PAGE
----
28 January 2012

Grief by Mike Leigh

Dorothy - Lesley Manville
Victoria - Ruby Bentall
Edwin - Sam Kelly
Hugh - David Horovitsch
Gertrude - Marion Bailey
Muriel - Wendy Notthingham
Maureen - Dorothy Duffy

Directed by Mike Leigh and designed by Alison Chitty

Seen, as seems to be my tradition with Mike Leigh's plays, at the very last performance in the Cottesloe in a brilliant, last minute seat.

I sit in such awe of Ms Manville that it seems trite to say that this roll seemed written for her. The organic way in which Mr Leigh work inevitably gives the impression that each actor makes their own role but that would be simplifying the process disrespectfully.

These performances are all perfectly pitched with humour and heartbreak in equal measure. I do hope that young Ms Bentall was able to dip in and out of her dour zone as she left the stage or this would not have been a jolly experience for her.

The set was realistic but gratifyingly simple and yet perfectly functional for the narrative. If felt like a home that should have been comfortable but somehow wasn't.

Unlike most actors who burst into song on stage, the lovely serenades between Dorothy and Edwin were beautifully nostalgic, entirely natural and completely lacking in contrivance.

I had a wonderful evening in their company.

27 January 2012

Travelling Light by Nicholas Wright

Maurice Montgomery - Paul Jesson
Tsippa, Moti's aunt - Sue Kelvin
Moti Mendl - Damien Molony
Jacob Bindel, a timber merchant - Antony Sher
Ida, Jacob's wife - Abigail McKern
Aron, Jacob's son - Jonathan Woolf
Itzak, Jacob's son-in-law - Karl Theobald
Anna Mazowiecka - Lauren O'Neil
Josef, foreman at the sawmill - Colin Haigh
Hezzie, a workman - Darren Swift
Mo, a workman - Mark Extance
Rivka, Jacob's daugher - Alexis Zegerman
Nate Dershowitz - Damien Molony
Little Boy - Nell McCann
Ensemble - Tom Peters, Jill Stanford, Geoffrey Towers, Kate Webster

Actors on film
Teacher - Tom Keller
Rabbi - Harry Dickman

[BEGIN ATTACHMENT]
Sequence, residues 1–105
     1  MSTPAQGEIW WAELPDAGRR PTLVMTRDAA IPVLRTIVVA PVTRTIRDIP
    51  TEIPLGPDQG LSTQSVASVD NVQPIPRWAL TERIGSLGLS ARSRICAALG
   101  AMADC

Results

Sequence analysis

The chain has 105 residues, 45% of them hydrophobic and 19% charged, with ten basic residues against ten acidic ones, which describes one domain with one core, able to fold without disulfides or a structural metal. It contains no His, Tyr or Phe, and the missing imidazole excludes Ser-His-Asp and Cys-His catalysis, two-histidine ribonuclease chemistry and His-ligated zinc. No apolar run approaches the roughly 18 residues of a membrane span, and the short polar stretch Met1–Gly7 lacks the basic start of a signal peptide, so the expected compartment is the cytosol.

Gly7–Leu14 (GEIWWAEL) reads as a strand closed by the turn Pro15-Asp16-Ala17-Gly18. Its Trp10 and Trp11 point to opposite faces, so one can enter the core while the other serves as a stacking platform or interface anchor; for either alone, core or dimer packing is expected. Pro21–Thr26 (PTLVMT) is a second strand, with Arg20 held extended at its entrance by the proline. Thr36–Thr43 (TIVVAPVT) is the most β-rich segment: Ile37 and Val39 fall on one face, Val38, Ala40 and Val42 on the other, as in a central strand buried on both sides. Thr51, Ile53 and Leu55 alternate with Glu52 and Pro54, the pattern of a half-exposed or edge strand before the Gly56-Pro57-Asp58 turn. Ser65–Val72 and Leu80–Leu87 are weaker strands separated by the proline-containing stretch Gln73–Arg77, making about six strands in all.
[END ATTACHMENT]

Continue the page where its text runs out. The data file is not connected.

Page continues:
Young woman - Julia Korning
Dying man - Michael Grinter
Reb Gershon - Jack Chissick
Reb Korovitz - Jeffry Kaplow
Doctor - Philip COx
Wife - Norma Atallah
Servant - Jill Stanford
Young servant/Granddaughter - Elsie Mortimer
Yeshiva Boys - Tom Allwinton, Roy Baron, Pablo Carciofa, Daniel Kramer, Henry Markham-Hare, Pip Pearce.

Seen at the beginning of it's run in the Lyttelton Theatre via a half price ticket in a surprisingly good seat (row O) despite sitting next to a couple who talked, quizzed, explained crunched and rustled all through it and thought the musical accompaniment to the silent film sequences was a period for uninhibited general debate.They were impervious to the glares from the people in front of them. I'd hate to have watched The Artist in their company.

Well now then. This is a beautiful premise, performed commendably by most of the cast. The tale is a simple one and a little too much of the dialogue targets the lowest common denominator in the audience. Sometimes there is solace in the easily identifiable progress of a piece like this and if it had been any more complicated, I would not have heard it above the din on my neighbours. I was fortunate enough to hear almost all of the filmic witticisms which are varied and many. The explanation for Mr Scher's comedy accent was delicious and completely acceptable. On occasion it strayed dangerously into the area of farce a couple of times which made me a little grumpy but the audience loved it. It was a Friday.

The effort involved in making this very effective set design work is utterly commendable. It's a bugger of a stage to get right and this piece uses the space perfectly. The projection material was wonderfully handled.

I'm not sure it's worked out what it wants to be yet. The audience were loving the comedy and it's fine to make a period piece funny and educational but it was just a bit too trite in places. That said, there wasn't a moment when my thoughts drifted, other than controlling my desire to punch the idiots next to me.